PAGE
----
A volunteer firefighter in Ohio wrote on Facebook that he would save a dog before saving a black person from a burning building, because to him, "one dog is more important that a million n*****s."
20-year-old Tyler Roysdon of Franklin Township, Ohio, was suspended indefinitely once his superiors discovered the comment, and he later resigned from his position.
His words were condemned by the fire department and citizens of the small Ohio community.
“Even if you take race out of it, it still would be wrong," Township Trustees President Brian Morris said. "I’m disgusted in what he said. There is no reason for him to say that anytime, anywhere … That should never be said.
“I want people to realize this is only one man’s comment. We have a great group of men (firefighters) and disgusting comments from one individual does not represent the entire fire department," Morris continued.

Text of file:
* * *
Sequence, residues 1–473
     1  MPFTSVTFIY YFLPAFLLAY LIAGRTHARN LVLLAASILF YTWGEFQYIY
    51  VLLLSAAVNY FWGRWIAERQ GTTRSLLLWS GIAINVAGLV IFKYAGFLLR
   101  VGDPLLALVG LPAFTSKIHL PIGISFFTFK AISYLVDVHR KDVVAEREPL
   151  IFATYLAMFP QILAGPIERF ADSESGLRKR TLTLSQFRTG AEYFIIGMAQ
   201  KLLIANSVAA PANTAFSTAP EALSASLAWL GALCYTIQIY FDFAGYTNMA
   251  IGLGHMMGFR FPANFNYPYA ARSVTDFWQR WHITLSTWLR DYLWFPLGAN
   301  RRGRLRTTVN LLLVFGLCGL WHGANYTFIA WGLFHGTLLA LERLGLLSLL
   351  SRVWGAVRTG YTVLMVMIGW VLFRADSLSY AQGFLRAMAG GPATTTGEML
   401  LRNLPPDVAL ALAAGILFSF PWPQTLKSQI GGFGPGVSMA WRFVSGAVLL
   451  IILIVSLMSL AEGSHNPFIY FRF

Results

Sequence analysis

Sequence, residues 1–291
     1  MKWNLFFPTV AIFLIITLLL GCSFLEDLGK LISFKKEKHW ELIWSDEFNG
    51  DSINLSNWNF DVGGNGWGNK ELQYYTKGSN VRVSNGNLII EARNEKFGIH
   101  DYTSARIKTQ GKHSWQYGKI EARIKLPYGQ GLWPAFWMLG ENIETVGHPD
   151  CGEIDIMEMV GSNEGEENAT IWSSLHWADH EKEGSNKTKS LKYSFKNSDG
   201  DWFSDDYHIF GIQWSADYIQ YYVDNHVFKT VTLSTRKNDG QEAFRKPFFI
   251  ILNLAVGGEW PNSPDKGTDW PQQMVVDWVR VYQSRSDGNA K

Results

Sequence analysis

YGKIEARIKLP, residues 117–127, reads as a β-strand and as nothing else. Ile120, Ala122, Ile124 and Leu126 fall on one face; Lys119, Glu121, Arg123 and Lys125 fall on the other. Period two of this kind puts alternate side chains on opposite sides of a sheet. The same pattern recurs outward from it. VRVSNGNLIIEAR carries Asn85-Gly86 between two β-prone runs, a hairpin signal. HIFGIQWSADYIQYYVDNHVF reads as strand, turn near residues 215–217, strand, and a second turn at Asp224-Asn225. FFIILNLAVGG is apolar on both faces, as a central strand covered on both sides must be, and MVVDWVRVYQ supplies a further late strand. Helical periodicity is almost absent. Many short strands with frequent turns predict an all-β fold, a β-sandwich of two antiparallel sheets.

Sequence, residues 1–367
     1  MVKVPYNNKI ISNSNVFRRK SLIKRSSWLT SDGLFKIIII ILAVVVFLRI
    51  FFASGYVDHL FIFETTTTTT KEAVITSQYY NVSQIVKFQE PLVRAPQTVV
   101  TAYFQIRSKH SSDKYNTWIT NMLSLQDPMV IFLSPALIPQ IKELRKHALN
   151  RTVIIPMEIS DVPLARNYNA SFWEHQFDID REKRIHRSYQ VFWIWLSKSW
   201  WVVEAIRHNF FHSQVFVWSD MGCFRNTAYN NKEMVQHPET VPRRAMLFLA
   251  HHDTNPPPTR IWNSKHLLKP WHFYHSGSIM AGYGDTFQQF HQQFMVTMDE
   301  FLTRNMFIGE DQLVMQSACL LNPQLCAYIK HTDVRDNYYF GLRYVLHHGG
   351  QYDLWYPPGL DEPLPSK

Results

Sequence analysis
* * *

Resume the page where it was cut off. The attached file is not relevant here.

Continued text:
His wife, Joei Roysdon, told Fox 19 that her husband was sorry for the comments, but also defended his right to hold the opinion.
"He admitted that he said the things that were wrong and apologized. Everyone deserves a second chance and is also entitled to their own opinion," she said.
This writer's perspective
It's 2017, and people still haven't grasped the fact that what they say and do on the internet matters in real life.
Whether it's a Missouri lawmaker saying she wishes the president would get assassinated, a sports talk host calling the president a white supremacist, or a senator liking a pornographic tweet, too many people still don't know how to behave online.
Truth be told, the world was probably a better place before social media gave an easy outlet for people to broadcast their worst and most inappropriate opinions.
But, just like the First Amendment gives us the constitutional right to say whatever we want, it also gives us the ability to sabotage ourselves when we don't have the good sense to know when to stay quiet.